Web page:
Who is Zane-Bloser Handwriting Ideal For?
Those looking for a high-quality Zane-Bloser handwriting course
The Zaner-Bloser style of handwriting remains quite popular and the official Zaner-Bloser Handwriting course is one of the best and most effective programs out there, with short multisensory lessons, clear and explicit instruction and lots of helpful supporting activities.
Those looking for a simple and easy to use handwriting course
Not every parent can or is willing to spend a lot of time figuring out how to use a complex curriculum, particularly when it comes to something like handwriting.
Books in the Zaner-Bloser Handwriting series are well-structured and written in a clear, well-scripted and concise manner, so parents don’t have to spend much time preparing lessons or reading up on the methodology.
Those who enjoy activity-rich learning
In addition to its letter formation and practice exercises, Zaner-Bloser Handwriting contains a lot of different activities.
From the multisensory demonstrations in its Teacher’s Guide to the fun activities in Practice Masters to the cross-curricular writing exercises in its application unit, there is a lot that parents can add into lessons to enrich learning.
Students who benefit from lots of review
Some students pick up handwriting pretty quickly and without the need for a lot of review and drill, while others will develop significant skill gaps over time if strokes and letter formation aren’t frequently reviewed and practiced.
By adding dedicated review lessons, Zaner-Bloser can give these latter students more frequent opportunities to refresh their knowledge of certain letter formations, which will help their learning in the long run.
Who Is It Not Ideal For?
Parents looking for more fanciful print writing
Although perhaps easier to learn than some others, and perhaps better represented in media and the real world, some parents may not feel the Zaner-Bloser style of print lettering to be as fancy or distinctive as some others, such as the “monkey-tailed” letters found in the D’Nealian alphabet.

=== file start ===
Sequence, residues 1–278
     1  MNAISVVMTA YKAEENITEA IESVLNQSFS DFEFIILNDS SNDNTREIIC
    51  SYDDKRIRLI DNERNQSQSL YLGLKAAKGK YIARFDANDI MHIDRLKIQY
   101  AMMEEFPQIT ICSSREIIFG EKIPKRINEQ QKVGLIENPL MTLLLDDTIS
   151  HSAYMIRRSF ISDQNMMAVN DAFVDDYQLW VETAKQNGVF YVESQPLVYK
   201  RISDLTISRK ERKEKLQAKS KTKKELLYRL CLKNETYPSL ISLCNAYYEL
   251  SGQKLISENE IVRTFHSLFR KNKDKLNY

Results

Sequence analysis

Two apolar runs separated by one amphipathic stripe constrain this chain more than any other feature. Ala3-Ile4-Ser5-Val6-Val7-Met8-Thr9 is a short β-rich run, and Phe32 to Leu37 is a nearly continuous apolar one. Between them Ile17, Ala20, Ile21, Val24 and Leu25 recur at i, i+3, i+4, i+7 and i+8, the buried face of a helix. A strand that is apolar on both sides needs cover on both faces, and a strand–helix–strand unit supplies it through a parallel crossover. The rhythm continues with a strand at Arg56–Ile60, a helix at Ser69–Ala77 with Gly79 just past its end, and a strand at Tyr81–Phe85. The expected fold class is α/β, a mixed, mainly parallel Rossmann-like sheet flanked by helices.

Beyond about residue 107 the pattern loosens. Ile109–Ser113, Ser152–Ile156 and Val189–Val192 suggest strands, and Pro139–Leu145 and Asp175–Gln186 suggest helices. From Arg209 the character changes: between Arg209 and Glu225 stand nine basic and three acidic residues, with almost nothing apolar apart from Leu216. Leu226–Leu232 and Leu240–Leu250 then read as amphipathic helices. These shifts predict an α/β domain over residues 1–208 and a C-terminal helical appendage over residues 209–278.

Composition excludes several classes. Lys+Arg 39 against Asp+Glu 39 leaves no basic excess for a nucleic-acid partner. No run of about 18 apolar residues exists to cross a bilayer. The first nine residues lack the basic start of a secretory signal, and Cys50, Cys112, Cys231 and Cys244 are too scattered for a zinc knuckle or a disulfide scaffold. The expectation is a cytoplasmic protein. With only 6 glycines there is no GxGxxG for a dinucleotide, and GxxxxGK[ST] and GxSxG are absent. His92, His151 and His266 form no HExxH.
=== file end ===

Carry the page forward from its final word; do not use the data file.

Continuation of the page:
Parents looking for a comprehensive language arts program
While it certainly can help students practice different skills and subjects, Zaner-Bloser Handwriting is largely focused on helping students develop their handwriting and doesn’t really provide much instruction in other aspects of ELA, such as reading, writing, grammar and comprehension.
As such, it may not be the best solution for those looking for handwriting instruction that is also part of a more comprehensive, all-in-one language arts curriculum.
Note: Prices correct as of writing. All prices in USD.
As noted, a complete set of Zaner-Bloser for each grade contains a Teacher’s Guide, a Student Edition and a Practice Masters book.
Generally speaking, a complete bundle for a grade ( all three books) will cost around $75.89.
Student Editions and Teacher’s Guides for each level can cost around $64.39, while a set of a Student Edition and its Practice Masters will cost about $52.89.
Finally, parents can pick up a copy of the Student Edition alone for about $13.
As always, it is important that parents check current pricing and any specials, deals or sales that might be on offer.
Is It Worth the Price
For those interested in teaching their students to write with a Zaner-Bloser style, the Zaner-Bloser Handwriting series can be highly effective and provide a lot of value for money.
Books in the series are colorful and well-illustrated, with Teacher’s Guides and student workbooks that break the process of learning legible handwriting down into simpler, step-by-step lessons that are very easy to follow and learn from.
The program also offers a lot of opportunities for multisensory learning, including dialogues, arts and crafts and whole body movements, which can make lessons more entertaining and engaging, particularly to students with different learning styles.
Zaner-Bloser Handwriting also provides students with a lot of opportunity for applied practice and skill-revision, with each book containing a number of dedicated review lessons and providing students with ample opportunity to put their handwriting skills to the test with practical writing exercises.
Finally, the program offers a lot of opportunities for students to engage in cross-curricular learning, going beyond simple copywork with quite a number of exercises that touch on history, geography, science and other areas of English language arts.
As a result, Zaner-Bloser Handwriting can not only be a little more interesting and challenging for students at times, but can help reinforce student learning in other areas of study as well.
With its structured lessons, multisensory learning, clear and intuitively laid out workbooks, frequent review and cross-curricular writing exercises, Zaner-Bloser Handwriting can be a straightforward, easy to learn and engaging way of learning to write by hand.
Jennifer Keenes is a writer and a new mom living in Florida. She studied education and, prior to becoming a freelance writer, worked as a substitute teacher at the elementary and middle school level. She is a big fan of the beach, working out and homeschooling her two daughters.